Designed by Frederick Luis Aldama, Professor at the College of Liberal Arts Latinx Pop Lab is a new area on campus where members of the UT community can access resources to have conversations about Latinx and BIPOC culture and enjoy their media and comic creations, beginning October 12 on the fourth floor the Patton Hall.
According to the website, the purpose of the pop lab is “to let the world know that UT Austin is the place for breakthrough creative, intellectual and curatorial work” in Latinx media. As an associate professor at Ohio State University, Aldama said the diversity of people and culture drew him to Austin.
“UT Austin, if you’re doing anything Latino, Latina, Latinx — especially in cultural studies spaces, but pretty much anywhere — is the place to be,” Aldama said. “Austin as a city, as a cultural space for the arts, for music, for all the things I love, especially from the brown and black communities, just seemed like a natural fit.”
England senior Veronica Alcantar said while she’s not yet sure what to expect from the pop lab, she’s excited to see what it will bring to campus culture.
“I’m interested in it, I just haven’t had the time to actually look it up and figure out exactly what it is,” said Alcantar, who is one of Aldama’s students.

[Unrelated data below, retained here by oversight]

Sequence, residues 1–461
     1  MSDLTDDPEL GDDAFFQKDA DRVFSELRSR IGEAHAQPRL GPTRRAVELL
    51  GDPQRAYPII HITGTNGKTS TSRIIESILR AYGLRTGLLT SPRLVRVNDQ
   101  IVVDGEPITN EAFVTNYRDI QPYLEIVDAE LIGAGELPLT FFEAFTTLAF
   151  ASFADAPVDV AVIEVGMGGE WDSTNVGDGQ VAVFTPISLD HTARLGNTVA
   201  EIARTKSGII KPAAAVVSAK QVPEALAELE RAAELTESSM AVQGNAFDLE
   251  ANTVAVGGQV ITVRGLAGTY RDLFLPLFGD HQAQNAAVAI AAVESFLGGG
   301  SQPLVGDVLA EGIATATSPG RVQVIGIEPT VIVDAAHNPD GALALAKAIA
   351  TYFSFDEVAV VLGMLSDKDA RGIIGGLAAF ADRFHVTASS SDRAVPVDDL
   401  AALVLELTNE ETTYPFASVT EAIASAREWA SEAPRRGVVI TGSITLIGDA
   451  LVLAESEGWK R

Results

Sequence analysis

In Aldama’s classes, students dissect entertainment media, including films and comics, in conversation, said England junior Kirsten Padilla. She added that her experiences in the classroom excite her about what this project could be.
“I think Professor Aldama is doing a great job exploring the intersections between otherness and whiteness, and this exploration helps me open my eyes to liking what the traditional media has been doing to everyone on a broad scale,” Padilla said.
The Latinx Pop Lab will have many events throughout the year, in addition to a big event in March called BIPOC Pop, Aldama said. This annual event brings together UT creatives, academics and industry leaders working in media arts to focus on empowering the POC community.
“We’re going to be hosting a podcast happy hour so students can come over and talk about anything that’s going on in the media,” Aldama said. “I’m going to do these kinds of micro-events where we bring together scholars and creatives from across the country to brainstorm but also create comics.”
Aldama said the next step for the Latinx Pop Lab is to source all of the materials needed to prepare it for the ribbon-cutting ceremony, but supply chain issues have made this difficult for the Latinx Pop Lab team.
“We think it’s done or about to be done, and then we hear there’s a delay,” Aldama said. “I’m confident it will be mid-October.”
Aldama said the goal of the Latinx Pop Lab is to provide a space with no expectations, as opposed to a classroom, where everyone can enjoy art, the process of making it, and the culture it embodies.
“Students on campus, faculty on campus (know) that this space is for them to come together, explore, and generate new knowledge and stories, but also a bridge to our community,” Aldama said.